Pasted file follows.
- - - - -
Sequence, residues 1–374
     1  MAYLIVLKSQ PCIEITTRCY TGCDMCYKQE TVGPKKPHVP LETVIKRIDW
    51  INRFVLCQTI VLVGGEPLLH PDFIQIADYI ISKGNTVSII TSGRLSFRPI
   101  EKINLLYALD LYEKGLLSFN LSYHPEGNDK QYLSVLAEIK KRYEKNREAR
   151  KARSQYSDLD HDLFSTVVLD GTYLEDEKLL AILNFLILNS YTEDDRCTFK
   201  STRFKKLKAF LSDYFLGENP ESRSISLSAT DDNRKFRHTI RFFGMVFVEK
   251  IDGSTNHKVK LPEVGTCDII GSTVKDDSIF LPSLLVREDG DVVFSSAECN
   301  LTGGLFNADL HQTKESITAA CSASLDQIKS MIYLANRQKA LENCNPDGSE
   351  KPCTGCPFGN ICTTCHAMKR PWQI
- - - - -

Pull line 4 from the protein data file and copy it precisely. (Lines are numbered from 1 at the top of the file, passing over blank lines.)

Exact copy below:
   101  EKINLLYALD LYEKGLLSFN LSYHPEGNDK QYLSVLAEIK KRYEKNREAR